August’s Climate Story


August Crane


Framboise, Canada

How are you sensing climate change?

My family’s cabin on Cape Breton Island in Nova Scotia was always our sanctuary, and still is. Every summer, in late July, we flee the country and make the 18-hour drive up north. We look forward to the beautiful view of the lake from our house, the vibrant forest, and the beach. I have been coming to Nova Scotia every year of my life since I was born, so I was quick to notice gradual or sudden changes throughout the years. Since the US-Canada border was closed for two years due to COVID, I hadn’t made it up to our cabin in quite a while.
We were greeted with an overgrown driveway and backyard, but we were too excited to notice. The usual smell of tree sap filled the air. However, little did I know that so much had changed in two short years. The forest was no longer as loud; I used to be able to hear more birds chirping. Although some trees flourished, some did not make it and were rotted on the edge of the forest. This was just the start of changes I noticed, however. When we walked to the beach, I noticed that there was an increase in erosion on the cliff that we used to stand on, so much so that it would soon be unsafe to climb up to the top. This could have been caused by a lack of balance of rainfall, perhaps too much or too little. Finally, I noticed a decreased need for my sweaters that I used to wear religiously; the weather in Nova Scotia usually gets a bit chilly at night but I noticed it was becoming easier and easier to wear a short sleeve shirt.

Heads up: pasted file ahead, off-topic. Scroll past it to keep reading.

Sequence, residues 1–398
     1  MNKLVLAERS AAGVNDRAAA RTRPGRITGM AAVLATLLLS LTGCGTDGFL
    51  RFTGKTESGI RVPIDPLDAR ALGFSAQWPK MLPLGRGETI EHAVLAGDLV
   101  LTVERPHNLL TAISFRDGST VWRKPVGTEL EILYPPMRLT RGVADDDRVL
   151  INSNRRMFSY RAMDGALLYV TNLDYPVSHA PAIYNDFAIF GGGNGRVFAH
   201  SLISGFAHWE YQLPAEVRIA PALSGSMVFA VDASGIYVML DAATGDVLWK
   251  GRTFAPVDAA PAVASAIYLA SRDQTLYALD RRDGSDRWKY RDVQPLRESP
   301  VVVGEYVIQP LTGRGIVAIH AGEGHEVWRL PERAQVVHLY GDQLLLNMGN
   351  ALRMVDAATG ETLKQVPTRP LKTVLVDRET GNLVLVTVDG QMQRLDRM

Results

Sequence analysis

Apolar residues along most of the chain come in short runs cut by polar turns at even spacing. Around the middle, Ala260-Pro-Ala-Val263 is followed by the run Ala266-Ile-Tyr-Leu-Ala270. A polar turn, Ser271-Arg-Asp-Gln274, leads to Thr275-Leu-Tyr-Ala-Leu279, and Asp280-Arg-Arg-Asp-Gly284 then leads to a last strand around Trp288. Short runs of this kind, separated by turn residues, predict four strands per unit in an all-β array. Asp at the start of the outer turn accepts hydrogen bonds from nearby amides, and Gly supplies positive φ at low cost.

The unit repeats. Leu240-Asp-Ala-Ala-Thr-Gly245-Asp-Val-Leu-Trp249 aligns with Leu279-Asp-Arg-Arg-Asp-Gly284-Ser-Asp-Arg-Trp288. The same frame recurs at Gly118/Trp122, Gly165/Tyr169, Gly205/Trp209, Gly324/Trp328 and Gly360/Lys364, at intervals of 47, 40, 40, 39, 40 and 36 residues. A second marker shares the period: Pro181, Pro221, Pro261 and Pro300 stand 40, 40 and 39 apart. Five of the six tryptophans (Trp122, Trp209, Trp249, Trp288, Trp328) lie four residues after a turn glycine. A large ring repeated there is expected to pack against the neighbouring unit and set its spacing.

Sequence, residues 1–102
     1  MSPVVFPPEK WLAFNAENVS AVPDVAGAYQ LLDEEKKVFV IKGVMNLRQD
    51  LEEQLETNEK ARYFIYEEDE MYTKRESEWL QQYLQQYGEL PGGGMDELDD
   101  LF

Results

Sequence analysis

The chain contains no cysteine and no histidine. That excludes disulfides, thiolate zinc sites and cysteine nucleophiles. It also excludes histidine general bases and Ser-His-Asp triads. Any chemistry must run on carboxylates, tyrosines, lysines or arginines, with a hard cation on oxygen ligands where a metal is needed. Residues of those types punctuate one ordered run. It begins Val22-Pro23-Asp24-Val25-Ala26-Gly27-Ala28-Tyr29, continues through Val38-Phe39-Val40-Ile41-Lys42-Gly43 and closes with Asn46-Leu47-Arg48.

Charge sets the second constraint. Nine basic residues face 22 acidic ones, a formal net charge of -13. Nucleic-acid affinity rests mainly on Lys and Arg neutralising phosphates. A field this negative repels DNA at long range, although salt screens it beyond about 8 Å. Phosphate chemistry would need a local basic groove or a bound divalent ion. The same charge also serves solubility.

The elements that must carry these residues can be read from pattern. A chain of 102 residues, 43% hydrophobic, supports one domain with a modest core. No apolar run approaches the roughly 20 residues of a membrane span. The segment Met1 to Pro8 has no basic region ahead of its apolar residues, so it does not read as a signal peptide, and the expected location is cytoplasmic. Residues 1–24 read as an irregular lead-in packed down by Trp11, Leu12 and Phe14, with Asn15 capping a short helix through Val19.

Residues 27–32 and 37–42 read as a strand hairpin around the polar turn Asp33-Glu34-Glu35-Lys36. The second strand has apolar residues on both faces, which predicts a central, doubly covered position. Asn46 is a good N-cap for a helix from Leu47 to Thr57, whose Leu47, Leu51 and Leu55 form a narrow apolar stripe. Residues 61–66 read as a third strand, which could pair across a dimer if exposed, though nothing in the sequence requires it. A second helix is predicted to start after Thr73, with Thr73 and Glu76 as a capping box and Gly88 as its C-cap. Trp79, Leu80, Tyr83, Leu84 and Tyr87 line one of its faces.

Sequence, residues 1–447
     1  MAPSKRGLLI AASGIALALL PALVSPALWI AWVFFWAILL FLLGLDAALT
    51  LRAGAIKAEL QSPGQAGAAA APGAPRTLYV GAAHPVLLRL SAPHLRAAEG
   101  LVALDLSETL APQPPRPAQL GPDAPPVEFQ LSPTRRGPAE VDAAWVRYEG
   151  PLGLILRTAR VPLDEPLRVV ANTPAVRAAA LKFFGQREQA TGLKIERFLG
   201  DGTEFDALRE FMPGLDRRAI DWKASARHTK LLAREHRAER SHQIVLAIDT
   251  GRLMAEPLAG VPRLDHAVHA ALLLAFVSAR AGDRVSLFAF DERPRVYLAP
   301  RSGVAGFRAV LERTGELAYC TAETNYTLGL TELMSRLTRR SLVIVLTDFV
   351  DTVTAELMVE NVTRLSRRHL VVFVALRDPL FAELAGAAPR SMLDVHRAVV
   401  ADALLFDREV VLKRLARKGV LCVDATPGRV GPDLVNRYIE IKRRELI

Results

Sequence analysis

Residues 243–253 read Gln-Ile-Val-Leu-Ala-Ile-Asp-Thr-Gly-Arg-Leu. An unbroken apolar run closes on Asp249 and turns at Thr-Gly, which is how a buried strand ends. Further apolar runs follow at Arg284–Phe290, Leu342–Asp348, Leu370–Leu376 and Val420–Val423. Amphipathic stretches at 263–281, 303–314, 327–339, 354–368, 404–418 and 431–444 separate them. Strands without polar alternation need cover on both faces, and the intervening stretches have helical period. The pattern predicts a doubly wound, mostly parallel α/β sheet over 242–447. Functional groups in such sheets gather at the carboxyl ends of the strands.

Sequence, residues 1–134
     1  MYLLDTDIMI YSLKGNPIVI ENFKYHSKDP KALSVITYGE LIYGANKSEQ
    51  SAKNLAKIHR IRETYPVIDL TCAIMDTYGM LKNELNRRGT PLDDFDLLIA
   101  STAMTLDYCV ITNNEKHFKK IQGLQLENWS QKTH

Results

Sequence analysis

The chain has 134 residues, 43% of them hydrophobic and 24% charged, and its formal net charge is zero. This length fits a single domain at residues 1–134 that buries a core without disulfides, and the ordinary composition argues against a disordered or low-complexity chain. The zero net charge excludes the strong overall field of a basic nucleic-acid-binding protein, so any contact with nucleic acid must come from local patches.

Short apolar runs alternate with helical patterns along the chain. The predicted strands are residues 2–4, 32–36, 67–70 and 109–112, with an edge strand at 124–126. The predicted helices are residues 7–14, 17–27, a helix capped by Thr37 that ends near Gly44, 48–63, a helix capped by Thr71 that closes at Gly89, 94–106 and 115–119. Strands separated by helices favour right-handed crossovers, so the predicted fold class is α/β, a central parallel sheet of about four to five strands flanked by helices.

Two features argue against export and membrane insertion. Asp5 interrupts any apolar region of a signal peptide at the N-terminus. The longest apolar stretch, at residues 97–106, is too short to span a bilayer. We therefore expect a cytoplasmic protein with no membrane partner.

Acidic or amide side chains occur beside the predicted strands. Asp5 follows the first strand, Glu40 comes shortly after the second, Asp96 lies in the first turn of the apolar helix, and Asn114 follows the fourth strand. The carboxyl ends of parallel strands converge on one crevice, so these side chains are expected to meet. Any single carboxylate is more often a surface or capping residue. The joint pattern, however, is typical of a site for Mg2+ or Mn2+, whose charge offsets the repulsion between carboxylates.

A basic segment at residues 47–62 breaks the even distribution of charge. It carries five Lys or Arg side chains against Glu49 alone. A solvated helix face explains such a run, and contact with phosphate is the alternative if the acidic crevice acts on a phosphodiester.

How do these changes make you feel?

These changes, more than any others in my life, make me feel helpless and sad. This is a place I have been coming to my entire life, and seeing it slowly being stripped away by climate change is a tragic fact but one that I must face if I want to have any chance at preserving this land.
I also feel lots of shock when thinking about these changes. The area where my house is in Canada is extremely rural and I never truly considered that climate change is this far-reaching and relevant in my personal life. I always attributed coastal and urban areas as being the most affected, but after seeing these changes, I know that is not true. However, these changes make me motivated to learn more about personal climate change and to take action.

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